My main point here is just that I want you to make sure that you’re feeling confident and you’re not basing your decisions on your retirement income on the belief that Social Security will not be around for you.


Online Social Security Account

Now, if you have not done so already, I strongly encourage everyone to go online and establish a Social Security account so that you can become familiar with your personalized benefits statement. Now this is a statement that used to get mailed out to us every year, and it’s no longer mailed on a regular basis. So if you want to see what your current Social Security benefits would be, you’ll need to log in to ssa.gov and establish a profile.

It’s important to establish that online account also to prevent fraudsters from establishing one under your own identity which can be a major headache to deal with. Throughout today’s presentation, we will highlight and explain different items you will find on your benefits statement.


Terms to Know

Now, let’s get started with some Social Security basics and discuss some terms we’re gonna mention throughout this presentation and the next. The first term to get familiar with is your Primary Insurance Amount, or PIA.

This is the monthly amount you are eligible to start collecting at your Full Retirement Age, or FRA.

The Social Security Administration, the SSA, is great at acronyms.

So your PIA, Primary Insurance Amount, is calculated based on your 35 highest earning years.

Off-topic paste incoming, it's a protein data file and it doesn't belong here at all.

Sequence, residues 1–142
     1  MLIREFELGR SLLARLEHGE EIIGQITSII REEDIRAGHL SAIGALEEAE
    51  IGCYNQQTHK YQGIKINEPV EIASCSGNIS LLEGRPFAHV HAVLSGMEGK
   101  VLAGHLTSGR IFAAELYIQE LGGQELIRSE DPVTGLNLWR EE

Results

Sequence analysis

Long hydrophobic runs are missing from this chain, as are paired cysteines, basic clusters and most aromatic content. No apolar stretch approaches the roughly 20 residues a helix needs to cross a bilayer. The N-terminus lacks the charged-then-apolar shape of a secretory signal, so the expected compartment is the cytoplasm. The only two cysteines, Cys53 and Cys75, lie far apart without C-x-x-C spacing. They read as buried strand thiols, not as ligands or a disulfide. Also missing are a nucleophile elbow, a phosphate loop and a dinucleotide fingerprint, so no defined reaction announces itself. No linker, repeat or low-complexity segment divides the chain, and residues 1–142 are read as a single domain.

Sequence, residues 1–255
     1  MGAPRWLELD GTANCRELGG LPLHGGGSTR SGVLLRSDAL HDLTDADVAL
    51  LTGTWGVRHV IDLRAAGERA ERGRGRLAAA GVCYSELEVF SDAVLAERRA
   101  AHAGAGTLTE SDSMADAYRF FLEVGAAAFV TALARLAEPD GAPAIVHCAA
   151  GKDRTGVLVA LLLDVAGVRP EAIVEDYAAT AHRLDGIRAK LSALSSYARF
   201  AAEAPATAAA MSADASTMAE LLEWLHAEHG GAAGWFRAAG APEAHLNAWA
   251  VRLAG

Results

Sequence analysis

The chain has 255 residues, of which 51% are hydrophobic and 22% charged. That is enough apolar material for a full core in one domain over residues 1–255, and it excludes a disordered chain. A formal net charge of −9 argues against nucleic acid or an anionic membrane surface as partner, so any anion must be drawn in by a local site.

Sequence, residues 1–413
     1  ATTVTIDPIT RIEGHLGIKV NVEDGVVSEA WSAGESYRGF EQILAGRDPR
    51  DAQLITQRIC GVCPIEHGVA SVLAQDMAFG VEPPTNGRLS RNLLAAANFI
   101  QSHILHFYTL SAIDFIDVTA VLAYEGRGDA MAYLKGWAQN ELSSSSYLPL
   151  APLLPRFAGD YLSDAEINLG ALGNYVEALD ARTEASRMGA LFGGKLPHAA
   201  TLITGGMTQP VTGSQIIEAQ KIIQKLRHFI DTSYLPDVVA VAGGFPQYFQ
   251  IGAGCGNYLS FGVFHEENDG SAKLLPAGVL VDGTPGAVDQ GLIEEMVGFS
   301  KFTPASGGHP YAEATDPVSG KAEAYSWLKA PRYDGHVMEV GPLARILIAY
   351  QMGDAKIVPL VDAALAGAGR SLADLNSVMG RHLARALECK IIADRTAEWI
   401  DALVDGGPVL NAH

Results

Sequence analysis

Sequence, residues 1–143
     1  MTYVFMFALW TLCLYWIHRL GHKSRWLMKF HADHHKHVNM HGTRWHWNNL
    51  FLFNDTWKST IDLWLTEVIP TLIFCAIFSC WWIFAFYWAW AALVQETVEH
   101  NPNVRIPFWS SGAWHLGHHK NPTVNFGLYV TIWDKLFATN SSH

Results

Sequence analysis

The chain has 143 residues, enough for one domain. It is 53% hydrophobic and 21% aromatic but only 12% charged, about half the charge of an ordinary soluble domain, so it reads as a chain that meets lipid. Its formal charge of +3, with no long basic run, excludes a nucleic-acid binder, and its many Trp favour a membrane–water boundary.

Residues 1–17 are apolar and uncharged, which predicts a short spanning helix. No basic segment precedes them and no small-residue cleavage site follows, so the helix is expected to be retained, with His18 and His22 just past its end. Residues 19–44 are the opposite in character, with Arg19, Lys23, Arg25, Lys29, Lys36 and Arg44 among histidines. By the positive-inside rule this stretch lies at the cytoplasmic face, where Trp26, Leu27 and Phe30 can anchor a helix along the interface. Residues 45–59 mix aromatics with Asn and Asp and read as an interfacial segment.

The higher your 35 highest earning years, the higher your Primary Insurance Amount. If you have less than 35 years of earnings, the years that are missing will have zeros filled in, which will lower your Primary Insurance Amount.

If you do less than 35 years of work, or you have some years in the 35 with very low earnings, like when you are a student compared to what you currently make, you can increase your Primary Insurance Amount by continuing to work at a higher income level.

Your Full Retirement Age, or FRA is a key milestone when it comes to Social Security. As you can see on this chart, it based on the year you were born and should be somewhere between the ages of 66 and 67.

Your Full Retirement Age is when you can collect your full PIA, or Primary Insurance Amount, but it also has other implications that we will talk about.

Do not take the term Full Retirement Age too literally, because it does not determine when you could or should retire.